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Also Known By: Rhodesian Indigenous, Zimbabwe Indigenous


Mukota pigs are believed to have been introduced by the European and Chinese traders between 16 and 1700 AD. There are basically two classes of Mukota pigs. One class is short, fat and has a short snout resembling the Chinese Lard pig, while the other resembles the Windsnyer (Wind cutter) in being long nosed with a razor back. They are however both black in color without any shades or spots. The latter class predominates in Zimbabwe and is also found in some parts of Mozambique and Zambia. There are about 70,000 Mukota pigs in Zimbabwe. The first comprehensive study on indigenous pigs in Zimbabwe was done in 1973 with pigs from an area in the North Eastern part of Zimbabwe called Mukota, hence their name.


Mukota pigs are well known to be hardy and well adapted to the harsh tropical environment in terms of heat stress, disease resistance and inadequate nutrition. Naturally Mukota pigs have a selective advantage to survive and reproduce on low plane of nutrition. Water consumption is also very low. For example 6 liters (1.5 gallons) per litter is adequate weekly. The low plane of nutrition here refers to low energy, low protein and high fiber. It has an enlarged caecum were elaborate hind-gut fermentation occurs making it able to strive on high fibrous diets compared to other pig breeds. Mukota pigs can easily survive under very unhygienic conditions testifying to their high disease resistance.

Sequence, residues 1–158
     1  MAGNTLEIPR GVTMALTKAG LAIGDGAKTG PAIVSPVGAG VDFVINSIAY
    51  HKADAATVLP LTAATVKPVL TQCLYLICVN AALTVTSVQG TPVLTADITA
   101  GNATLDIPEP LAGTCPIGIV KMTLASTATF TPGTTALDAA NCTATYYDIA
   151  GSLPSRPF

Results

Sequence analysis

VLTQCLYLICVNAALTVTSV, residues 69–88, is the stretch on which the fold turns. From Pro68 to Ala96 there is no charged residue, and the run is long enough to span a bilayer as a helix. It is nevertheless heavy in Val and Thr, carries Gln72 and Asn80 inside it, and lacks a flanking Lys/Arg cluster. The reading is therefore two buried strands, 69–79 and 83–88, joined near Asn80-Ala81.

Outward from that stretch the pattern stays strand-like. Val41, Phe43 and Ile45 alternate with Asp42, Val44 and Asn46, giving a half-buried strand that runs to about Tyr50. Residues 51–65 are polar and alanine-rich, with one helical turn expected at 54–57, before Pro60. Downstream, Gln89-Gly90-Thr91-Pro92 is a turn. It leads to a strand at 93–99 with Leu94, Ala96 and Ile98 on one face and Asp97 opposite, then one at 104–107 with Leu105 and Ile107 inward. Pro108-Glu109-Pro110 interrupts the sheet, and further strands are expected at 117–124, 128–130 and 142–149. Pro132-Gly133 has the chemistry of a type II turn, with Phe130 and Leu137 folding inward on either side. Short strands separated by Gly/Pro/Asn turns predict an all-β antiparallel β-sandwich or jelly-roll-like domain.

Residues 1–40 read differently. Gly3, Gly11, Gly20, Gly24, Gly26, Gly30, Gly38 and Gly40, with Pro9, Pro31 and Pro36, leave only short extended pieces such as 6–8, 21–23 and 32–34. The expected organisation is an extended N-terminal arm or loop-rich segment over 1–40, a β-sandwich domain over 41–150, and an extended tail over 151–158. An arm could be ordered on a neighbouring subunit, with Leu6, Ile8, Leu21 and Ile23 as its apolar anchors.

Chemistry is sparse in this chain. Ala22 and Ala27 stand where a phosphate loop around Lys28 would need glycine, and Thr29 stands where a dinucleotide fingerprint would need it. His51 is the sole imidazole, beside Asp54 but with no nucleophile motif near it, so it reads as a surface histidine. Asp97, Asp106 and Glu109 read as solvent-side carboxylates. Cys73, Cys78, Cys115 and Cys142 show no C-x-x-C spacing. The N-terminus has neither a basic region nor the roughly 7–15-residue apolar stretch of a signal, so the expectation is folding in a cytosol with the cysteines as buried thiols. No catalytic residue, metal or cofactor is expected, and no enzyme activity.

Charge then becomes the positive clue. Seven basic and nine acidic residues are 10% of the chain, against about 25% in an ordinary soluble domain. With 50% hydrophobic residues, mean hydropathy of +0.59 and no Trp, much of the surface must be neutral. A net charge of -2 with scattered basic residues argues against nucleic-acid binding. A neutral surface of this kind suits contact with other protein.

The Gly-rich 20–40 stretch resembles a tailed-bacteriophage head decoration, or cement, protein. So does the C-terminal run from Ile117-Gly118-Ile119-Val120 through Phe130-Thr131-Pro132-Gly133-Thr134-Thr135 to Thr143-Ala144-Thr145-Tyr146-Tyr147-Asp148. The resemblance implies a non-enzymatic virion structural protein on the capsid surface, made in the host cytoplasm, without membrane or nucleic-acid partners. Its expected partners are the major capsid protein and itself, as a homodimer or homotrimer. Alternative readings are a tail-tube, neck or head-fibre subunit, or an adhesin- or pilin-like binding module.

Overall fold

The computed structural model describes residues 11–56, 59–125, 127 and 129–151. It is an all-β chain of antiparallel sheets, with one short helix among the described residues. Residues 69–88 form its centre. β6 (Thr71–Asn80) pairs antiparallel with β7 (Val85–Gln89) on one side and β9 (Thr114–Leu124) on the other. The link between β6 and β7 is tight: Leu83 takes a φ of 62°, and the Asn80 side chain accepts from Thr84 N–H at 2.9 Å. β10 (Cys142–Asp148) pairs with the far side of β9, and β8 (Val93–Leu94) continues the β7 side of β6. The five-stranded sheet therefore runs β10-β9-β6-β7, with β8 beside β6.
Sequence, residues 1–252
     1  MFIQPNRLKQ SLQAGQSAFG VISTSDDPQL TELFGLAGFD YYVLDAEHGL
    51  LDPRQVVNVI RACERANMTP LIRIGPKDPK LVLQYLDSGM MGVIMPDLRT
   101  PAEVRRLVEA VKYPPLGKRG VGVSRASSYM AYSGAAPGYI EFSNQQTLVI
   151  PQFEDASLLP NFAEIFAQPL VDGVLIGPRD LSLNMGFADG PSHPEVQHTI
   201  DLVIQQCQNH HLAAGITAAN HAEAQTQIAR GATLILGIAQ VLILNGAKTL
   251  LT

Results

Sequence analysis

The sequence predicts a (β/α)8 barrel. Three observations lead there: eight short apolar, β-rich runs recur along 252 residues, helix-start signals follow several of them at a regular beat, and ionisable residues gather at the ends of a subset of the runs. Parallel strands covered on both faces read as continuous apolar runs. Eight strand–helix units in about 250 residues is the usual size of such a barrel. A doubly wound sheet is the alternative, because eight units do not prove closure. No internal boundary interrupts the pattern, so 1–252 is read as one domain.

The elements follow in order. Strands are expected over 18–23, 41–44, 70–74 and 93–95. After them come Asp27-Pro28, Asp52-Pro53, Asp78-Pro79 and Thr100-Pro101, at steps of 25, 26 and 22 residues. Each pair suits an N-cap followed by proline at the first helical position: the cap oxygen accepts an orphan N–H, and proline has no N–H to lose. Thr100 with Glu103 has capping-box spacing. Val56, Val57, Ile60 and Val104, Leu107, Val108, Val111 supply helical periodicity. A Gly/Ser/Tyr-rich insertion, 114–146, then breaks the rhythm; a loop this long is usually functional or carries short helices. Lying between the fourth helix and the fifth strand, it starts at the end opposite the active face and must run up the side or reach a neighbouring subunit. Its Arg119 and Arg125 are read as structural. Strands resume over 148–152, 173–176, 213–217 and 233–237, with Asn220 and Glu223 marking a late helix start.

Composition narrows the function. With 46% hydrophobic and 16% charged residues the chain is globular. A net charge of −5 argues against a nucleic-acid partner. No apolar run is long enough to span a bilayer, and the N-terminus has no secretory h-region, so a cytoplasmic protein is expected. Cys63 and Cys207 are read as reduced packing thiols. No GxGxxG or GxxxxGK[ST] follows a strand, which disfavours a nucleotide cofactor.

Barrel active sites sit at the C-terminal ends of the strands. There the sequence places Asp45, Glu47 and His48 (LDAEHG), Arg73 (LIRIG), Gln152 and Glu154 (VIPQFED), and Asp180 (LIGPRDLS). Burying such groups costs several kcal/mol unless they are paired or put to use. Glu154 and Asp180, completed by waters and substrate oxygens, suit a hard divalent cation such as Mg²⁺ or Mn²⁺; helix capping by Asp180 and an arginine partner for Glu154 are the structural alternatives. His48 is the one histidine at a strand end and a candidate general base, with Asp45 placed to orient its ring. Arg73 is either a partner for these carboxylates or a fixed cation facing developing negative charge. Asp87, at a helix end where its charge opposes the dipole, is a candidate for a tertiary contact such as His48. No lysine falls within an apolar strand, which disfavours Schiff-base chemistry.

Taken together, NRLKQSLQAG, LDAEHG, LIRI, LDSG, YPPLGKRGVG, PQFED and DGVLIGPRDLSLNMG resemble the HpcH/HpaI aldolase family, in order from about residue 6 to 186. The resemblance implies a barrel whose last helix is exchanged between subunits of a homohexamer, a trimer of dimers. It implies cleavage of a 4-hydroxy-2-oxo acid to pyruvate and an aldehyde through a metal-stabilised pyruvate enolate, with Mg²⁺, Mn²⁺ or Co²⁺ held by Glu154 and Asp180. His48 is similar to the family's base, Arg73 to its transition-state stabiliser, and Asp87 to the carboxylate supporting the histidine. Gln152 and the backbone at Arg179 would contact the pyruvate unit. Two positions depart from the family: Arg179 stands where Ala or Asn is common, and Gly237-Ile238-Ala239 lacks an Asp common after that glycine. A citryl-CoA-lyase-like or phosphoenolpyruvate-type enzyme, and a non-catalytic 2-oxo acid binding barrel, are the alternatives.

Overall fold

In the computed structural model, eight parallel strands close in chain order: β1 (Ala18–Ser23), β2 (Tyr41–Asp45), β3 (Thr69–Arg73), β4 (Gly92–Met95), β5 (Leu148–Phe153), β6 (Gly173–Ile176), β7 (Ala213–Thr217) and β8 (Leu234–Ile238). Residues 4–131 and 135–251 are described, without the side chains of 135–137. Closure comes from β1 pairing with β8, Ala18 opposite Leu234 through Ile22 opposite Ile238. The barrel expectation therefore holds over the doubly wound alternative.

Mukota pigs are kept free ranging during the dry season (from June to October) and in pig houses or fold yards during the rainy season (November to May).


Mating is uncontrolled during the free ranging period. Reproduction cycle follows an annual rhythm with peak season of farrowing occurring during the early rainy season in October/November. The age at first litter ranges from 6 to 12 months. The average litter size is between 6.5 and 7.5. Weaning is natural. The total weight of litter as a proportion of the sow weight is of the same order (i.e. 11%) as for Large White or Landrace, so this means there is scope for genetic improvement through selection. Possibilities being considered at the moment involves divergent selection using a potentially small fat Mukota dam (well adapted to harsh conditions) crossed with a large lean sire to produce slaughter generation. This will allow exploitation of hybrid vigor and produce an efficient growing pig reared from a hardy mother subsisting in a constrained environment.


The carcass yield is about 30% less than from the exotic Large White. However the meat has exceptional organoleptic properties. It is popularly known to have "sweet" meat in Zimbabwe.




Dr. Irvin Mpofu, University of Zimbabwe, Animal Science Department, Box MP 167, Mt. Pleasant, Harare, Zimbabwe


Holness, D.H. 1995. The tropical agriculturalist - PIGS. CTA/Macmillian, London. pp. 16-48.


Mason, I.L. 1996. A World Dictionary of Livestock Breeds, Types of Varieties. Fourth Edition. C.A.B. International. 273 pp.


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